Finally, all four of these bottles and the bladder have the same cap size, which is convenient when using a combination of them for heavier water hauls. (I should add that the thread pattern of the Dasani cap is slightly different than the other three brands, which have identical thread patterns, but it does cap the other bottles relatively well when a little force is applied.)


how i pack a smaller load in the smd starlite

The most common criticism of the Six Moon Designs Starlite backpack is that it's a large pack that lacks an adequate compression system for smaller loads.

After experimenting with stuffing my uncompressed quilt in the bottom of the pack and loading gear that I would normally carry in the outer mesh pockets into the main pack to fill up more of its volume, I settled on an approach that lets me keep my quilt compressed and my gear in the mesh pockets.

The Starlite's compression cord is located on the front of the pack and works by pulling the sides of the pack in toward the middle front of the pack. By angling the two sides toward the middle in this way, the footprint of the pack takes on a more triangular, or trapezoidal, shape. I've found that building a smaller load into a triangular shape against the back panel of the pack works best for me.  

Here are some photos to help you see what I'm talking about.

Layer 1: pack liner; compressed quilt loaded vertically in the middle of the pack; rolled mid-layer loaded vertically on the right against the back panel; socks, balaclava, and insulation vest loaded on the left against the back panel.

Layer 2: water bottle loaded on the left against the back panel; cooking kit and food sack loaded middle right; rain shell loaded middle front.

Mesh Pockets: tent fly, stakes, and ground cloth in the long pocket on left; ditty bag in the upper right; water bottle in the lower right.

Base Weight: 9.6 lb.


hiking in finland interviews

I recently stumbled upon this collection of interviews with ultralight and lightweight backpacking cottage industry folks. I'm so glad that the author, Hendrik Morkel, asks about their base weight and favorite gear.


six moon designs starlite backpack

The SMD Starlite is an ultralight backpack that's been around for several years and has evolved over time. Considering its longevity, I was surprised to find so few reviews of it online. The most helpful reviews I found include its coverage in "Lightweight Frameless Backpacks State of the Market Report 2011" by Will Rietveld on Backpacking Light, the 2008 review from Section Hiker, and the following 2011 video from Only the Lightest/ Hike Light.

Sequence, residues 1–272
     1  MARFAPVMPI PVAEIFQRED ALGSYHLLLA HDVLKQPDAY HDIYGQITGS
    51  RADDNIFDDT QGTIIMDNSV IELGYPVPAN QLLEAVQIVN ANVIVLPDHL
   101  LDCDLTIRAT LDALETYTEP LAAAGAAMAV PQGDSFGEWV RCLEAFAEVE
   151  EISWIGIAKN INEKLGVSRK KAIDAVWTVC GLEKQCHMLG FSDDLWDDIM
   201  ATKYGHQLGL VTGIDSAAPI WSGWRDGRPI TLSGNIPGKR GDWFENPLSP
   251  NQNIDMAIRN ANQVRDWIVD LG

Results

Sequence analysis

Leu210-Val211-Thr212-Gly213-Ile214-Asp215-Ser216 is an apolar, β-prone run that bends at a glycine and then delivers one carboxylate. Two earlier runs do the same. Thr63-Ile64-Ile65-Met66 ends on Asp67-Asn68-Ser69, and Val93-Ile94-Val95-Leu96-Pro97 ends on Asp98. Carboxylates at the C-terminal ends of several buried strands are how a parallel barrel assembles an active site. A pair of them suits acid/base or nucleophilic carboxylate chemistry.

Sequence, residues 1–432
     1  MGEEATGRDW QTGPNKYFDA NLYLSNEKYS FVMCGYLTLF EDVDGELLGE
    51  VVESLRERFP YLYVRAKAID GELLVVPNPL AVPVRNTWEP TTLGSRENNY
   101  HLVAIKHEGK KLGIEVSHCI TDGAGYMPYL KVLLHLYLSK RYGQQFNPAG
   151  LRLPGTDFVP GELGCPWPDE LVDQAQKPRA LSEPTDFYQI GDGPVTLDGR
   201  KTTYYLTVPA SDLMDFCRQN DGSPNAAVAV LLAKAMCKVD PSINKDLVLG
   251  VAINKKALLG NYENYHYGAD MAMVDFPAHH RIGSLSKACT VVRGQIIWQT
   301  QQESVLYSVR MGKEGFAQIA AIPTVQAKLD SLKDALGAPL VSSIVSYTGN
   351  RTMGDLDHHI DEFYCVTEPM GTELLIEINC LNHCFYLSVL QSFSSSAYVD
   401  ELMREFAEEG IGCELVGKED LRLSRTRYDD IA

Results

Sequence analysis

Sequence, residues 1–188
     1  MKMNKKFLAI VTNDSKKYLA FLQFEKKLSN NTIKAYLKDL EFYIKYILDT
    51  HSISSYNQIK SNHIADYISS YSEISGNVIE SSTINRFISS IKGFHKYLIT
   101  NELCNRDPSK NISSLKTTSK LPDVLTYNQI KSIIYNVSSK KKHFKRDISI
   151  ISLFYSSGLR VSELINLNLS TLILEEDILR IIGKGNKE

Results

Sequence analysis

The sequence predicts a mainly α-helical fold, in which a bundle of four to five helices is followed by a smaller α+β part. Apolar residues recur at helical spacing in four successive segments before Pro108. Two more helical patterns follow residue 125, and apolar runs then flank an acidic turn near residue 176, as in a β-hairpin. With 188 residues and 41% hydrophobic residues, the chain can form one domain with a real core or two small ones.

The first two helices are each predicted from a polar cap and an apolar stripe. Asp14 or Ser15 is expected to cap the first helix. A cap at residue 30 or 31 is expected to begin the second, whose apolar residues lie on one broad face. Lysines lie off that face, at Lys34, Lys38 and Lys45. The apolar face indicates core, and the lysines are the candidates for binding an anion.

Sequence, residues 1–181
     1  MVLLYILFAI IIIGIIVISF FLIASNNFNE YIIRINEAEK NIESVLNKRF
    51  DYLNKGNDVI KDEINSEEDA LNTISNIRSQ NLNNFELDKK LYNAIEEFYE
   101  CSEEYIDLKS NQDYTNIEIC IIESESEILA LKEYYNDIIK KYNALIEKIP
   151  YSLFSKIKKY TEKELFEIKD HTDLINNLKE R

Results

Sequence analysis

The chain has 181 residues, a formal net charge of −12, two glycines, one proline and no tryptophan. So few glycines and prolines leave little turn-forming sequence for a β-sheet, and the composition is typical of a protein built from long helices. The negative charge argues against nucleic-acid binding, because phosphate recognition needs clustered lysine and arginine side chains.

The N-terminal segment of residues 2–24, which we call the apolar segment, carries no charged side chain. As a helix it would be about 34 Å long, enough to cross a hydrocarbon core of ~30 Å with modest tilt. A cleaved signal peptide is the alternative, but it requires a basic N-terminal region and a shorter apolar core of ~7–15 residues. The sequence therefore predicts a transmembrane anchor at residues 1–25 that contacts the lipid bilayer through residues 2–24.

To these reviews, I'll add my own reasons for choosing the Starlite and my first hands-on impression of the pack.


I weighed the three components of my Starlite with a Brecknell model 311 digital scale. Here are the results.

Pack body: 19.5 oz.
Hip belt with pockets: 5.2 oz.
Aluminum stay: 4.4 oz.


The removable hip belt and aluminum stay make three pack configurations possible:
  1. Pack without belt or stay (19.5 oz)
  2. Pack with belt but without stay (24.7 oz)
  3. Pack with belt and stay (29.1 oz)
The first configuration rides comfortably with my sub-10 lb base weight and a 16 lb initial pack weight.

For initial pack weights over 16 lbs, I add the hip belt for a more comfortable carry. The belt also takes most of the pressure off the shoulder straps, which are attached to the back panel with a Velcro strap that makes the pack adjustable to the user's torso length. According to a few other Starlite users, this Velcro strap can support over 20 or even 30 lbs on its own, so I'm not concerned about a strap failure.

If my initial pack weight will exceed 25 lbs, I add the aluminum stay as well. While I rarely approach a 25 lb pack weight, I did test a water-heavy 31.2 lb initial pack weight with an overnight hike in the Joshua Tree backcountry. During the hike in with this load, the Starlite felt solid, stable, and as comfortable as 30 lbs on my back would likely feel. The next morning, I hiked out with about 23 lbs (8 lbs fewer consumables--mostly water), which was very comfortable in the Starlite. The aluminum stay would come in handy on the PCT through-hike I hope to do one year. With a 17 lb base weight rating and a 35 lb max load rating, the Starlite would make a capable through-hiking pack.

SMD Starlite, front

SMD Starlite, back
aluminum stay